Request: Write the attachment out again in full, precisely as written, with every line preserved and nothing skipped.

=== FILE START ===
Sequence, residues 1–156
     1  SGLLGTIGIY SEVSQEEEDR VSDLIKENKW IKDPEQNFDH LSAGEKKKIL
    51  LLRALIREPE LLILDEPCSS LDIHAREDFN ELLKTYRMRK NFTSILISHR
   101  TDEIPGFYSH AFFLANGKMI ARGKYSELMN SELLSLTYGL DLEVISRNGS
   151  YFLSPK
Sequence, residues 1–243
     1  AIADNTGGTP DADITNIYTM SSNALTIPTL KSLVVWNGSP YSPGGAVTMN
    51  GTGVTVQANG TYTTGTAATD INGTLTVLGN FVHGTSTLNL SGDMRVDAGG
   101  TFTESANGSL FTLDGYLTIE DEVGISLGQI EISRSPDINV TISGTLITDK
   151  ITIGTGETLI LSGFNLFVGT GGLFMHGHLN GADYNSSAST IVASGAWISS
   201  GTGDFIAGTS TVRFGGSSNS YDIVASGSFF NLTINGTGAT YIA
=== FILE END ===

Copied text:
Sequence, residues 1–156
     1  SGLLGTIGIY SEVSQEEEDR VSDLIKENKW IKDPEQNFDH LSAGEKKKIL
    51  LLRALIREPE LLILDEPCSS LDIHAREDFN ELLKTYRMRK NFTSILISHR
   101  TDEIPGFYSH AFFLANGKMI ARGKYSELMN SELLSLTYGL DLEVISRNGS
   151  YFLSPK
Sequence, residues 1–243
     1  AIADNTGGTP DADITNIYTM SSNALTIPTL KSLVVWNGSP YSPGGAVTMN
    51  GTGVTVQANG TYTTGTAATD INGTLTVLGN FVHGTSTLNL SGDMRVDAGG
   101  TFTESANGSL FTLDGYLTIE DEVGISLGQI EISRSPDINV TISGTLITDK
   151  ITIGTGETLI LSGFNLFVGT GGLFMHGHLN GADYNSSAST IVASGAWISS
   201  GTGDFIAGTS TVRFGGSSNS YDIVASGSFF NLTINGTGAT YIA